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Minors report: Guzman's glove show

Minors report: Guzman's glove show

Hot topic: Joel Guzman came to the Devil Rays in the trade that sent Julio Lugo to the Dodgers. After the trade was made, the most compelling conversation about Guzman dealt with his above-average power.

But it has been Guzman's glove that has grabbed the attention of Rays manager Joe Maddon.

"I didn't know he had that kind of actions over at third base," Maddon said. "I'm scouting right now, I'm seeing him for the first time and my scouting background tells me this kid has above average actions. I can't necessarily tell range yet, but he has above-average actions with above average hands."

Maddon surmised that the 6-foot-6, 252-pound Guzman can play any infield position.

"And I guess when it comes down to shortstop, it will come down to where he is size-wise -- the quickness, he can move," Maddon said. "But this kid has really good infield actions. I wasn't aware they were that good."

Maddon also said he was surprised "in a good way" about the configuration of Guzman's body.

"He's in great shape," Maddon said. "He might have been too big in the past. That might have impacted his defense. I think the kid's very focused right now. He's a nice kid. And he's more than I thought. ... You hear all the platitudes in his direction. His has been based on power and a long swing. That's mostly what you hear about this kid.

"I think there are things wrong with his swing, but I don't necessarily consider them wrong. I think he does some things within his swing we can attend to. That was my first impression the other day when I watched him. Have I brought it to his attention? No. I want to watch him."

Guzman will likely begin the season as the third baseman at Triple-A Durham.

On the move: Rays pitching coach Jim Hickey said Andy Sonnanstine's command is the first thing that jumps out at you about him.

"If you do a little paper scouting and you look, he's made every start and pitches into the sixth and seventh inning," Hickey said. "He throws strikes, he doesn't give up base hits and he doesn't walk people. It's important. And he's one of those guys who maybe gets overlooked a lot, because his stuff isn't quite that top-end stuff. But when you do what he's done, for me, [because of his ability to throw strikes], he jumps off the page. More so than some of the other guys who are considered better prospects."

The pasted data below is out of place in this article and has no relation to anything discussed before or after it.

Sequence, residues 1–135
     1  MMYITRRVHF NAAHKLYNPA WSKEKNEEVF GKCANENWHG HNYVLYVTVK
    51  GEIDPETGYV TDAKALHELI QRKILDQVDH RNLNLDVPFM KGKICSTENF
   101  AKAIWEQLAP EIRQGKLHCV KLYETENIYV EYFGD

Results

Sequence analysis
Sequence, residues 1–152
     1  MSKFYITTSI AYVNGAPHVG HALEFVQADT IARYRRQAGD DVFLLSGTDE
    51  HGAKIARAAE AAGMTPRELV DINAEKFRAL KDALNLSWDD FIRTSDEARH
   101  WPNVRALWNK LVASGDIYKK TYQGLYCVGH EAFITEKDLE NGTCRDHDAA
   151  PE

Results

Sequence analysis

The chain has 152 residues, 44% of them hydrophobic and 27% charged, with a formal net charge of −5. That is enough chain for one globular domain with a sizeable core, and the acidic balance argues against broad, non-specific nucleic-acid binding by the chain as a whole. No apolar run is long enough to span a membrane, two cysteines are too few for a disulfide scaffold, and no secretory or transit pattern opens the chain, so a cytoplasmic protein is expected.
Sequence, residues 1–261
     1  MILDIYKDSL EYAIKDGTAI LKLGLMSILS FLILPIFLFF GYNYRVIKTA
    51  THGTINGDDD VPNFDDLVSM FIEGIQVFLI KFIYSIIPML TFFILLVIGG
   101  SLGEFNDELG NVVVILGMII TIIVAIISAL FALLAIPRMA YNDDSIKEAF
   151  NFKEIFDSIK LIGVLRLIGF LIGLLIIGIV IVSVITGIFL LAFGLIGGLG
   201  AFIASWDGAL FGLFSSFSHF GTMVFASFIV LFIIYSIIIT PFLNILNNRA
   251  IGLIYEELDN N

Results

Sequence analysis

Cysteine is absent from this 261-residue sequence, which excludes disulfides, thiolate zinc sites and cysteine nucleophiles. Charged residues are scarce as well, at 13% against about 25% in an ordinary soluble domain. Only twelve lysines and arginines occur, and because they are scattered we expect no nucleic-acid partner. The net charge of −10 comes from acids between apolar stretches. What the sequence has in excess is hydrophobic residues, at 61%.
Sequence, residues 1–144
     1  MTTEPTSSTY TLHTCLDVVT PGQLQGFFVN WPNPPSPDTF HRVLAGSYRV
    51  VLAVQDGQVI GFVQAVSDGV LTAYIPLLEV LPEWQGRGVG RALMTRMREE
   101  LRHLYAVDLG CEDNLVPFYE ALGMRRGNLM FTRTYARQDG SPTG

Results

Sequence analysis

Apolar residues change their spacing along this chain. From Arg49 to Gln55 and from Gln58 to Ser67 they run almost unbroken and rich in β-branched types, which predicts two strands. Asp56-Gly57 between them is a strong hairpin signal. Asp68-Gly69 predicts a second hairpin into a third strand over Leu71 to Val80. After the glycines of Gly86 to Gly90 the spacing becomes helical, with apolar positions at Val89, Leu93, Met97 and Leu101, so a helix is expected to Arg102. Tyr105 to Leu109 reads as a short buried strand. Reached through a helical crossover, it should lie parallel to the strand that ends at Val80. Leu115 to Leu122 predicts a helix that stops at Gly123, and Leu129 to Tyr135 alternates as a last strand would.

Names in the game: Former Rays outfielder Dave Martinez is in camp as a special instructor. One of his main projects is working with B.J. Upton to help him learn how to play outfield.

"He's a tremendous athlete," Martinez said. "Everybody knows that. I think, really, the only concern we have is line drives right at him. That's a tough ball for anybody. Right now, that's what we've been concentrating on. I think the transition for him will be easy."

Martinez will help out in Minor League camp and later during extended Spring Training.

They're No. 1: Hickey sad he was immediately struck by Jeff Niemann's size and "plus" stuff. Niemann was Tampa Bay's No. pick in the 2004 First-Year Player Draft.

"Two good breaking balls, good fastball -- big downward plan on his fastball -- also seems to be very composed and very professional," Hickey said.

But don't look for Niemann to start the season with the Rays. Hickey brought up the right-hander's 108 Minor League innings and said, "He definitely needs more seasoning."

What they're saying: "Here's a kid that could easily get overlooked in the long haul. He's kind of a quiet kid. He's been around a few years, so all of a sudden you put a kid like that on the back burner. He's the kind of guy that ends up going somewhere else and you end up saying, 'God, why did we miss that?' ... He's the kind of guy, when his sinker is right, it's like, 'I'm throwing this sinker and there's nothing you can do about it. You can hit a ground ball to third, a ground ball to short or hit it off your front foot.'" -- Maddon on Tony Peguero's slider, which he referred to as "nasty"

Bill Chastain is a reporter for MLB.com. This story was not subject to the approval of Major League Baseball or its clubs.

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